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Turkish food merges Middle Eastern, Central Asian and Balkan (southeast European) influences. Turkey’s capital, Istanbul, feeds the traveler’s soul with the same healthy mix of religious fervor rooted from its Islamic and Christian identities. And while a great majority of the Turks are Muslims, even some of its most iconic Muslim landmarks bear Christian imprints.
asianTraveler Magazine went to Istanbul for a taste of these Turkish spiritual infusions. Browse through our grand images of the capital’s three famous mosques and be filled with knowledge on what to seek when you take your own Turkish journey.
The Blue Mosque
History: A nineteen year-old sultan by the name of Ahmed I ordered the construction of the Blue Mosque in 1609. The Turkish military was suffering from successive defeats against Persia at the time. The young sultan then realized that this might be due to the fact that no new mosque has been built in the city for forty years. He believed building a new place of worship might appease Allah, and his order was very soon carried out. The mosque was finished after seven years, in 1616.
Where the mix is: Much of the grounds upon which the Blue Mosque was built used to be the spot where the palace of Byzantine emperors once stood, since Istanbul (formerly called Constantinople) used to be the capital of the Byzantine Empire. This empire is characterized by its Orthodox Christian faith.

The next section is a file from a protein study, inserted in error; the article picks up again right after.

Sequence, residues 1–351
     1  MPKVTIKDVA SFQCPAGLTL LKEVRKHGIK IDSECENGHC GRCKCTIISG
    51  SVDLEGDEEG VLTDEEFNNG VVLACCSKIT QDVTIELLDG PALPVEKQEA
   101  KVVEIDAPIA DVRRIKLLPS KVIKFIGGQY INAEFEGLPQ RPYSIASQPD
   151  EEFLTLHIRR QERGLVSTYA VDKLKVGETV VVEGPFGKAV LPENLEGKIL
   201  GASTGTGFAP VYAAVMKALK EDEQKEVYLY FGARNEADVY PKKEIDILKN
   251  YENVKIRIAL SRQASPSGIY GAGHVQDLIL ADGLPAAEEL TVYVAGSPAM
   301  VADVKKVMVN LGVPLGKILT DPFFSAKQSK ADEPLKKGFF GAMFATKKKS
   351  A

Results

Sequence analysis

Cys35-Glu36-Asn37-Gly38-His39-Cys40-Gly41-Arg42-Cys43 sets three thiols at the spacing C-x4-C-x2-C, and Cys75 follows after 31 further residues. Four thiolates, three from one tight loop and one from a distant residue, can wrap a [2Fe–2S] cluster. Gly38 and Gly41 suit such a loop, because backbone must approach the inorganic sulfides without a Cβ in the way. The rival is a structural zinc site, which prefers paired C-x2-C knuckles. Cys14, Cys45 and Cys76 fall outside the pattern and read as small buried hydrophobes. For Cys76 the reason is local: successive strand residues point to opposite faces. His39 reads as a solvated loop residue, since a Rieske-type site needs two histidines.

What’s inside: Over 20,000 hand-made ceramic tiles with more than fifty tulip designs line the lower levels of the mosque’s interior. The tiles are mostly colored blue, hence giving the mosque its one-of-a-kind hue. Entwined designs of lilies, carnations and roses decorate the columns. Natural soft light showers the mosque through its 260 windows.
History: The Hagia Sophia was originally built as a cathedral by Byzantine Emperor Constantius I in 324-337 AC. After two centuries of fires and revolts, it was rebuilt by Emperor Justinian I. The new cathedral was so grand that it gave rise to a legend of celestial powers helping out the workers. After surviving an earthquake and plunder, and with the Ottomans conquering Constantinople, Sultan Mehmed II ordered its conversion as the Aya Sofia Mosque in 1453, with the addition of four minarets.
Where the mix is: The mosque was secularized in 1935 as a museum. In 2006, the government allowed that a small prayer room within the complex be established, to be shared by Christian and Muslim staff. The minarets have also been recently used again to call out for the Muslim prayers, twice daily in the afternoon.
What’s inside: A team from the Byzantine Institute of America worked on Hagia Sophia in the 1930s and uncovered centuries-old artworks. The team had to see to it that they maintained a balance of restoring both Christian and Islamic artworks, especially since much of the Islamic artwork and calligraphy were drawn over Christian mosaics and frescoes during the invasions.